In January 2013, a federal district court judge ruled in favor of IJ and three independent tax preparers, striking down the requirement that tax preparers had to get permission from the IRS before they could work. The IRS then appealed.
This February, just a few weeks into tax season, IJ once again defeated the IRS, securing a major victory for economic liberty and meaningful limits on the power of administrative agencies. A three-judge panel of the D.C. Circuit Court of Appeals ruled unanimously that the IRS did not have the statutory authority to unilaterally impose the sweeping nationwide licensing scheme on tax preparers. Under these new regulations, the court explained, “the IRS would be empowered for the first time to regulate hundreds of thousands of individuals in the multi-billion dollar tax-preparation industry. Yet nothing in the statute’s text or the legislative record contemplates that vast expansion of the IRS’s authority.” As a result, the court firmly rejected this regulatory overreach by one of the most feared federal agencies. Celebrating the victory were IJ clients Sabina Loving of Chicago, Elmer Kilian of Eagle, Wis., and John Gambino of Hoboken, N.J., along with tens of thousands of other independent tax preparers who would have had to get permission from the IRS to continue preparing tax returns for paying clients. The costs of the new licensing regulations would have either forced them out of business altogether or compelled them to substantially increase their prices, making them less competitive with large tax-preparation firms. Taxpayers also have good reason to celebrate the ruling: The new licensing scheme was expected to dramatically reduce competition in the industry and raise prices for tax-preparation services. Fortunately, under this ruling, taxpayers—not the IRS—will continue to get to decide who prepares their taxes.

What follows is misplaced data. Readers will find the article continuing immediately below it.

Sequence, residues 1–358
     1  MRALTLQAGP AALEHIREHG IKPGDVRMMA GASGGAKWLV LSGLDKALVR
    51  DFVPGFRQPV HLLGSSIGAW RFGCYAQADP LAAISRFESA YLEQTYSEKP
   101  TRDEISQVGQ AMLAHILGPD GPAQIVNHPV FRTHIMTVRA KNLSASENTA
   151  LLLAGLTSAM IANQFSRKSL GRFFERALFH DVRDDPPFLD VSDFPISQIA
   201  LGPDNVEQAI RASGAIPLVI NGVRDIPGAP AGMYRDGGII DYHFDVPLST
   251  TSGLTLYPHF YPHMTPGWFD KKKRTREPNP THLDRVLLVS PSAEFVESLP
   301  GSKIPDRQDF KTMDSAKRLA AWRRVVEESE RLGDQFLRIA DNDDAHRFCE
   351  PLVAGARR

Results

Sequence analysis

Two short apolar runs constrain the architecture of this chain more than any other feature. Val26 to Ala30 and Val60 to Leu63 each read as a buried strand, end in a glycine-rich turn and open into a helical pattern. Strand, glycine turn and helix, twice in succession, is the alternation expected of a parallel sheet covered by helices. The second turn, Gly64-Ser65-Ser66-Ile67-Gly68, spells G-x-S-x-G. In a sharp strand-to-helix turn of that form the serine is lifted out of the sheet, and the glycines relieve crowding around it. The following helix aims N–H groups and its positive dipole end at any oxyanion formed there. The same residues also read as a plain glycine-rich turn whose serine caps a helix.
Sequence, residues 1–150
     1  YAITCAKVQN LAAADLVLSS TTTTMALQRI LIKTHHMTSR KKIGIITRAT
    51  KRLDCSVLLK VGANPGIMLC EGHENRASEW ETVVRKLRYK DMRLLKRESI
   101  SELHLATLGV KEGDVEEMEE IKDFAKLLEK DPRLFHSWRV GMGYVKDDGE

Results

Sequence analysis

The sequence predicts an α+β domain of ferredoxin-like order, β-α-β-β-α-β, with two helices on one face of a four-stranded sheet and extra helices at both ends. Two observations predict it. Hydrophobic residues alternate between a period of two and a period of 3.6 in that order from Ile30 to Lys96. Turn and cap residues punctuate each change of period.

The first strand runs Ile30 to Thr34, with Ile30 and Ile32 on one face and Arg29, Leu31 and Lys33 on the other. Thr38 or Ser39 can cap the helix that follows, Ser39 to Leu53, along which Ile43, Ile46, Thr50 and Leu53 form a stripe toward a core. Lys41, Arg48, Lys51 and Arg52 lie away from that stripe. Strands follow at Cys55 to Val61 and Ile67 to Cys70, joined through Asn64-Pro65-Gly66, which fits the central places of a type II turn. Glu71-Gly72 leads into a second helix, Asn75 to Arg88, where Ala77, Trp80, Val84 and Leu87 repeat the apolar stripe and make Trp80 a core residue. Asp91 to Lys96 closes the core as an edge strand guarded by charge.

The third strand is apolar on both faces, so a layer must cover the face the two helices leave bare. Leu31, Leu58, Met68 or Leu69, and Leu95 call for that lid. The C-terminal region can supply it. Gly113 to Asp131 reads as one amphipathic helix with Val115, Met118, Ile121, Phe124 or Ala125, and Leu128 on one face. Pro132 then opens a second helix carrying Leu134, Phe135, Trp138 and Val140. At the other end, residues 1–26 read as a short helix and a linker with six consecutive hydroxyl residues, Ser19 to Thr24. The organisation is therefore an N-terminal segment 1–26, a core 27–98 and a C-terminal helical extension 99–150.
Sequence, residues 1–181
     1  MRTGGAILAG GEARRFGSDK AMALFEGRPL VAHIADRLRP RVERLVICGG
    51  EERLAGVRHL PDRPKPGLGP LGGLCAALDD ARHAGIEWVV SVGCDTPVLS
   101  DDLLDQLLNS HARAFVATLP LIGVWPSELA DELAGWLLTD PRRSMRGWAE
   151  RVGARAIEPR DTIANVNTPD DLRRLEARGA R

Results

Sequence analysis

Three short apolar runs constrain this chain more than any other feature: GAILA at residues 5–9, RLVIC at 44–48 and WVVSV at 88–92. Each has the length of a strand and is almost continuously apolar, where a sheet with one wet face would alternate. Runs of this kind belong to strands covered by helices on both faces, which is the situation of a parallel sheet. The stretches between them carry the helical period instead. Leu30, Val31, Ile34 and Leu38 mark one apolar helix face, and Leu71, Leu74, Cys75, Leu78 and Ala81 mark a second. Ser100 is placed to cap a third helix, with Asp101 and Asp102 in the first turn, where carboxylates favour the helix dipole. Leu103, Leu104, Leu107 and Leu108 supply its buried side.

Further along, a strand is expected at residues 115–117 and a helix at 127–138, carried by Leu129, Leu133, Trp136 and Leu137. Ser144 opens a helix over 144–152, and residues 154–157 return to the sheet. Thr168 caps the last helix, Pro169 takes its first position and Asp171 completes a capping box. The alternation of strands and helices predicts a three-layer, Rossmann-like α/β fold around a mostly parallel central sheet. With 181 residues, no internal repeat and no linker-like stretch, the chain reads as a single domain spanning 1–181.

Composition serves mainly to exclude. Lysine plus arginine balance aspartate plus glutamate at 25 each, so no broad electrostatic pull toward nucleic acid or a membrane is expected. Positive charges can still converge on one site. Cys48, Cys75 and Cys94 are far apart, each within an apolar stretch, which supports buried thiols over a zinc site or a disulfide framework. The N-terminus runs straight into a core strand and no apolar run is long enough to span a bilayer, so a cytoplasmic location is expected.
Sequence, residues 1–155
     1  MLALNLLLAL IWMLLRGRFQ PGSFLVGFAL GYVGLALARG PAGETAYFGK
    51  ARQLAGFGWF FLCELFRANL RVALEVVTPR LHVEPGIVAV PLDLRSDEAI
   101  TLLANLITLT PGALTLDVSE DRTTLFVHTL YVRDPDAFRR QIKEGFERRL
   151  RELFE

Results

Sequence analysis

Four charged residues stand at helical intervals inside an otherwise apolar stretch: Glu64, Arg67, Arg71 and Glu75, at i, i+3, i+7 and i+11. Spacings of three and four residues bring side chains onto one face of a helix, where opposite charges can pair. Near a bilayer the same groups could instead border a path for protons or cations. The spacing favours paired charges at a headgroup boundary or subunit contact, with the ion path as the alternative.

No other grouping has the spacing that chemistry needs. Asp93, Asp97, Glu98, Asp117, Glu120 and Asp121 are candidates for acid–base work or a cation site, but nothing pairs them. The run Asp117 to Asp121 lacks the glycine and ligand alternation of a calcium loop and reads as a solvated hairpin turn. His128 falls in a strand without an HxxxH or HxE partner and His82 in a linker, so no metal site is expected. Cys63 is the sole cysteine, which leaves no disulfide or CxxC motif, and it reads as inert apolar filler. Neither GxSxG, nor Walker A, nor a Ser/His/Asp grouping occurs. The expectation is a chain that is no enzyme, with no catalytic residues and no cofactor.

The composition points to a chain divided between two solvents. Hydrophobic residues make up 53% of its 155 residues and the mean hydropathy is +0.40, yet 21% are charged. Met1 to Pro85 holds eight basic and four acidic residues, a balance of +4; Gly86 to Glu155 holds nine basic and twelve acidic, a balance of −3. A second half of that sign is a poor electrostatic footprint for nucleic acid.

Unsurprisingly, large tax-preparation firms such as H&R Block and Jackson-Hewitt lobbied for the costly new rules, which were also supported by industry insiders such as the American Institute of CPAs and tax software producers such as Intuit (makers of TurboTax). All stood to benefit from the burdensome regulations, which The Economist noted, “threaten to crush . . . small, local” tax preparers and are “likely to push mom and pop into another line of work.”
Determined to shut down this protectionist power grab, IJ filed suit on behalf of Sabina, Elmer and John in March 2012, explaining that Congress never gave the IRS the authority to license tax preparers and the IRS cannot give itself that power. In response, the agency made the shocking claim that it was authorized to license tax preparers under an obscure 1884 statute governing the representatives of Civil War soldiers seeking compensation for dead horses. That law predated not only the modern income tax, but the IRS itself.
The D.C. Circuit rejected the IRS’s arguments, finding six different reasons why the agency’s interpretation of the 1884 statute was both “foreclosed” by the text of the statute and “unreasonable in light of the statute’s text, history, structure, and context.” As a result, the court concluded that “[t]he IRS may not unilaterally expand its authority through such an expansive, atextual, and ahistorical reading” of the statute.
IJ’s victory establishes important precedent against regulatory overreach by administrative agencies, which often threatens the economic liberty of entrepreneurs.
As this issue of Liberty & Law went to print, the IRS could still request a rehearing or petition the U.S. Supreme Court for review. If it does, we’ll be there to once again stop this power grab.
Dan Alban is an IJ attorney.